top of page
RSS Feed


An Open Letter To My Kid's Gym Teacher

Dear Coach,

We love you. We do. You're a great gym teacher. Our kid loves the games you organize and the fun things you've done in the name of physical education. However, something's been troubling me for a while now, so I have to get this off of my chest.

About a year and a half ago, our daughter announced to her father and me that she wanted to do a pull up. I don't know what inspired her, but she often comes up with random goals or things she wants to do that she currently is unable to. We went through this with blowing a bubble with her gum, or getting 5 hops in a row with a jump rope. Here was her latest, in mid-second grade: a pull up.

Let me digress for a second here, our kid is stubborn and headstrong. She's also impatient. She gets an idea that she's going to do something a certain way, and her frustration comes out when it doesn't happen as imagined both easily and instantly. We spend a lot of time talking about controlling our anger and frustration when things don't go our way. She decides she's going to do something, she decides how she's going to go about it, and then the heck with the rest of you yahoos trying to help because she doesn't need your help.

Being parents who want to encourage our kid to set goals and then make a plan to reach said goal, we set up the pull up bar over the door to the spare room. We set a chair under the bar for her to stand up on to reach the bar, and her dad spent a while trying to explain to her how one might do assisted pull ups in order to build up to doing one solo. Unsurprisingly, she rejected her dad's suggestion regarding the assisted pull ups. What she really wanted to do was to start in the already up position, come down and then pull her self back up. It was a miserable failure. See above re: headstrong and impatient.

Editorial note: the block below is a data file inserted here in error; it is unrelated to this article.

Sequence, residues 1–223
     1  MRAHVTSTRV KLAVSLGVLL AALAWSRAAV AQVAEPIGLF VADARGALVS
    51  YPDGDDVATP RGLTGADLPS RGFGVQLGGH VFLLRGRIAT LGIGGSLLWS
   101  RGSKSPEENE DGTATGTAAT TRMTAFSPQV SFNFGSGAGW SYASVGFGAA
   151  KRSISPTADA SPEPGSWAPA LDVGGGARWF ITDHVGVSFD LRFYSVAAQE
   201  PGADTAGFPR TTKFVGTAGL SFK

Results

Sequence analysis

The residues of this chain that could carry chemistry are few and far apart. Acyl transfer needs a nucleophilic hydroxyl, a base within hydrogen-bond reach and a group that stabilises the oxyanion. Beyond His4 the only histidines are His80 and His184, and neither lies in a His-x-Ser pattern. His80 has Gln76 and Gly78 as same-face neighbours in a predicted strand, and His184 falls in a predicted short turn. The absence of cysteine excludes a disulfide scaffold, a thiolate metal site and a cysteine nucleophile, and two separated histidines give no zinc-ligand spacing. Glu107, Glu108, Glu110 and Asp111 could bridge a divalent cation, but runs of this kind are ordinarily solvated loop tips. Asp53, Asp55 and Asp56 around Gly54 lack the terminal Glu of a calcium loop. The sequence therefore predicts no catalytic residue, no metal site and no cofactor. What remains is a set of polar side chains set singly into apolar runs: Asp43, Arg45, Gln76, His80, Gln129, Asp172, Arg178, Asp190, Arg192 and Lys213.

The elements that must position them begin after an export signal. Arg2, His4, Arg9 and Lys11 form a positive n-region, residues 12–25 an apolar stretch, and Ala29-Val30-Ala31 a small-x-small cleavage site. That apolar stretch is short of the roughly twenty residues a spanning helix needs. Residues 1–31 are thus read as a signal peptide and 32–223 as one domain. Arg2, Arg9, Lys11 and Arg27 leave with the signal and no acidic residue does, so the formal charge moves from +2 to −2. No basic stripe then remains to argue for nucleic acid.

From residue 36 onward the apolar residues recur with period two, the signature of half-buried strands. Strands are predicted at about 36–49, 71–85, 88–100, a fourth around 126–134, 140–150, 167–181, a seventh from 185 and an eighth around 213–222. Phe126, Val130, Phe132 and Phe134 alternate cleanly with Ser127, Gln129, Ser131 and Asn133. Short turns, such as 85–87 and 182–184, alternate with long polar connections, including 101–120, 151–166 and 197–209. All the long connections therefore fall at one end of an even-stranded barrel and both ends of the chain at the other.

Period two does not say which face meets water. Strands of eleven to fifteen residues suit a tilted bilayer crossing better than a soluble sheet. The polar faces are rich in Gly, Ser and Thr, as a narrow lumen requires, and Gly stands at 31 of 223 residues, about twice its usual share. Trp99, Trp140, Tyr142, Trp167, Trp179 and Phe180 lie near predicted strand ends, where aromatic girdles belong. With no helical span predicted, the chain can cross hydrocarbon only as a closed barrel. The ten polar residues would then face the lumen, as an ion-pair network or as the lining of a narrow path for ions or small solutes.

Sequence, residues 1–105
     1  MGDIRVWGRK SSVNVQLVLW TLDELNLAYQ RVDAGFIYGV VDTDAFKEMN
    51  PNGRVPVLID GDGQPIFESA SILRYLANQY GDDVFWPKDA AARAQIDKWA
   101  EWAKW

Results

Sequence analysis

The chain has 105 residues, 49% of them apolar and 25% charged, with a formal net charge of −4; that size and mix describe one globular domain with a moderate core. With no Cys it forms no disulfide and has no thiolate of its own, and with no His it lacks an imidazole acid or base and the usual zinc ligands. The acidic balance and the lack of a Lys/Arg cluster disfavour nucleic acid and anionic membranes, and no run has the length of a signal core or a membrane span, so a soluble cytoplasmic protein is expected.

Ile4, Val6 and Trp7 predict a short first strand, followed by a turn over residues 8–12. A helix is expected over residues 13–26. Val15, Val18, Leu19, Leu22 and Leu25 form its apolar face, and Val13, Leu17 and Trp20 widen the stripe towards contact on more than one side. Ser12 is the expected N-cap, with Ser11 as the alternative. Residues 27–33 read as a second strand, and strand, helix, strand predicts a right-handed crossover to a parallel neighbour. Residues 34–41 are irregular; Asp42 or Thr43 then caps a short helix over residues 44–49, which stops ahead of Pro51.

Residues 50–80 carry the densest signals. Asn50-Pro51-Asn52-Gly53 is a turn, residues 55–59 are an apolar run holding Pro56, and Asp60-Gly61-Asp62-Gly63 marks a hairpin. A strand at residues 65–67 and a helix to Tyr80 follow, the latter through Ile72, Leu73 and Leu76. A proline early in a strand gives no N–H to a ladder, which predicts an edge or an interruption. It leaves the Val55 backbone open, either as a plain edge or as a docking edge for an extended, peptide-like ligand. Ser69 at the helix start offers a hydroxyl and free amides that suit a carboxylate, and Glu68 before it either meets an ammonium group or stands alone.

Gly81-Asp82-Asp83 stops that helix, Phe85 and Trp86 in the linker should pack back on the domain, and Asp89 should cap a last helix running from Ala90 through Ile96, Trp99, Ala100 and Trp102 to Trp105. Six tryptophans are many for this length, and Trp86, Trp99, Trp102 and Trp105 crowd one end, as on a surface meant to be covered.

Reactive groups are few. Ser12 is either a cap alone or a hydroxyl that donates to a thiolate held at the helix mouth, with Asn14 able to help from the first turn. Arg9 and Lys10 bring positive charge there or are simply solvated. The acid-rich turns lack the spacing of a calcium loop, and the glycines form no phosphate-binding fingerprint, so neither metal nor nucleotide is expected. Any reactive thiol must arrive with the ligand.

Here's something else you should know: my kid is awesome, she's active, she can do most of the things she wants to do like run and jump and swim and (now) ride a bike, but she's overweight. I'm not saying this to make her self conscious or even to berate myself for teaching my kid bad eating habits (which I already do mentally all the time anyway). I'm saying it because it makes doing a pull up exceptionally difficult when you have to pull up extra weight. By the way, no, I'm not putting my kid "on a diet" because that's dooming her to a life of self conscious food choices. We're all making an effort to eat better, cut back on our sugar, include more vegetables in our diets and to move more. I want her to have a healthy body and to love her body, regardless. I don't want her focused on her weight, I want her focused on her health.

Anyway, my point for you, Coach, is this. After about a week of her trying to do a pull up every day after school, I finally said, "hey! Ask Coach B if she can maybe help you come up with a plan to build up to doing a pull up." I saw it as an opportunity for another adult my kid admires and respects to encourage her toward more physical activity.